Is a tray of bonbons a special indulgence, an everyday pick-me-up, or a weight-loss tool?
Over the years, candy has been marketed as all these things.
For a quick tour of confectionary history, Evan talks with the Candy Professor herself, Samira Kawash, on this week’s show. Kawash is the author of Candy: A Century of Panic and Pleasure.
If you reach for the licorice and instantly regret it, Kawash says that some of that anxiety goes back to the temperance activists and Christian vegetarians of the 1800s, who preached that alcohol, meat and sugar caused sexual stimulation. There was also conjecture that sweets could intoxicate from inside the stomach.
But candy has connotations of healing, too. Apothecaries were some of the first people to spin sugar. They used it in remedies like lozenges and cough drops; you might remember Mary Poppins serving a spoonful of sweet stuff to make the medicine go down.
Before the Industrial Revolution, Americans prepared treats at home to celebrate holidays, but by the turn of the twentieth century, candy was easy to mass-produce.
With large supplies to sell, advertisers asked the country, “Do you eat enough candy?”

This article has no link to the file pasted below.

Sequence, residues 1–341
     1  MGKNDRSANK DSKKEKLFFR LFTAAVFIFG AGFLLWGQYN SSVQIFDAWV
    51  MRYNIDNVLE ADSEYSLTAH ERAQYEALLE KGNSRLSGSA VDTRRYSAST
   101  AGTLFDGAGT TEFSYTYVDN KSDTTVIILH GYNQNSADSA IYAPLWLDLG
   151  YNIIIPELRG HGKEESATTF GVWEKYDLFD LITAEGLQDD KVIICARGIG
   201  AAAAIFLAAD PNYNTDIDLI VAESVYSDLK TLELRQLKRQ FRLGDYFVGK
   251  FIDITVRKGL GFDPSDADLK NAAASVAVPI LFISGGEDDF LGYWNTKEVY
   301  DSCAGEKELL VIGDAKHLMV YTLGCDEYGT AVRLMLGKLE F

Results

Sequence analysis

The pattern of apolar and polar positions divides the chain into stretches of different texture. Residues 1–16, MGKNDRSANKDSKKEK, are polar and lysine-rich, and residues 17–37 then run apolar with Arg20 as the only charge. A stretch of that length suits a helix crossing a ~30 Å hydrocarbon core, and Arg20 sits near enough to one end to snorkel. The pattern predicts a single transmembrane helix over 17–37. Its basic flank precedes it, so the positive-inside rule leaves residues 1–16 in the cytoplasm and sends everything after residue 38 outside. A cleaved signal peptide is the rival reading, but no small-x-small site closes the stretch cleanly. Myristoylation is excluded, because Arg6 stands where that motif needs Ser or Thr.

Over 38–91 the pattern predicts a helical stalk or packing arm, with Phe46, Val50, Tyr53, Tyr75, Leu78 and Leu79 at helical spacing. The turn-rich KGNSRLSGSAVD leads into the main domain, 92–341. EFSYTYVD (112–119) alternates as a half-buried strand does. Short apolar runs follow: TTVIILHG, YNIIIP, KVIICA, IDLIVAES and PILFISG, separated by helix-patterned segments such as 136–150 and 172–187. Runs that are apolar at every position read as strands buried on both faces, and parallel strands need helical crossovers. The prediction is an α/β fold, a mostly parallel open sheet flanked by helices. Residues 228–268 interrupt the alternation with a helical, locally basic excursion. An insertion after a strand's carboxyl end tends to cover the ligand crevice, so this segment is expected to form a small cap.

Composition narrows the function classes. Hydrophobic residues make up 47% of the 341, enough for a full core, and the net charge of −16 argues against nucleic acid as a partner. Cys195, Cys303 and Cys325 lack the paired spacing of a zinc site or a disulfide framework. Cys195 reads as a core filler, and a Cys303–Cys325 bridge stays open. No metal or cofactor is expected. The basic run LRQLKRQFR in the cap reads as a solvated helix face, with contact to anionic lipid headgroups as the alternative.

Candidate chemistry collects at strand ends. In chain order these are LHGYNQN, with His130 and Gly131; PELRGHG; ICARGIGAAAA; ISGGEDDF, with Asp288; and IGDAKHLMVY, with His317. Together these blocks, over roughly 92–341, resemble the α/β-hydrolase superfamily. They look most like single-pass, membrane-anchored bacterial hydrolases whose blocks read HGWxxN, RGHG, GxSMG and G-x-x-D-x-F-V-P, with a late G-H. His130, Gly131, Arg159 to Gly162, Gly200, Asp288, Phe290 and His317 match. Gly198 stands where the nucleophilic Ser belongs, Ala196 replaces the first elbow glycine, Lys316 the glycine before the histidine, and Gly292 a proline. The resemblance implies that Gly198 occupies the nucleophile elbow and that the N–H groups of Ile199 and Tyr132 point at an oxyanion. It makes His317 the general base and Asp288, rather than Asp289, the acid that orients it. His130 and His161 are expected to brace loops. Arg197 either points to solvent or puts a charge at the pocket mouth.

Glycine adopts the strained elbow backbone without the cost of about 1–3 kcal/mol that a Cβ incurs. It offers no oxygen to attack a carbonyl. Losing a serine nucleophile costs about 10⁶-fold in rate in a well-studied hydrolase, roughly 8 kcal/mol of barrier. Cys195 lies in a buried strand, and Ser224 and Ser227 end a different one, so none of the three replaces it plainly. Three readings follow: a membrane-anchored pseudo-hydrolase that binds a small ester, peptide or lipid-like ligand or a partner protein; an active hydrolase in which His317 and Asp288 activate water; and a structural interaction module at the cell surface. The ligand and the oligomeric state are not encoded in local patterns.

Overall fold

And not just because it tasted good. Marketers argued that confections were an essential part of a healthy American diet, an source of energy and even a weight-loss aid.
This Baby Ruth ad from 1940 told readers that chocolate bars were full of wholesome “FOOD-ENERGY,” drawing a connection between natural fruit sugars and the (processed) compound that sweetens candy.
By actual energy tests, a 150-lb athlete (pedaling at moderate speed) can ride more than 15 miles on the FOOD-ENERGY contained in one 5¢ bar of Delicious Baby Ruth Candy.
When World War II hit, factory laborers on the home front snacked on sweets between shifts, and the army put treats in soldiers’ rations.
Note the picture of candy corn, which used to be eaten year-round.
Running welding torch or typewriter, pushing a pencil or a hand truck, making meals or machines of war, today’s work is longer, harder, calls for extra energy.
In 1947, the Council on Candy of the National Confectioners’ Association (“an organization devoted to the dissemination of authoritative information about candy”) appealed specifically to housewives.
You’ve steered a broom. You’ve swung an iron. You’ve done your duty by the dishes…
Housework – any work – uses energy. The body wants it back. Candy is an excellent way to put it back.
What a happy way to renew Can Do!
But if the surest way to a fulfilling broom-and-dishes life was landing a husband, the Life Savers of 1957 had you covered.
Of the plump girl with the cookies: Shirley Simkin’s lost her sleek appeal. She never stops eating from meal to meal.
Slim Sally Hayes stays light on her feet. She makes Life Savers her ‘tween meal treat.
Images: Samira Kawash’s Candy: A Century of Panic and Pleasure. Used with permission.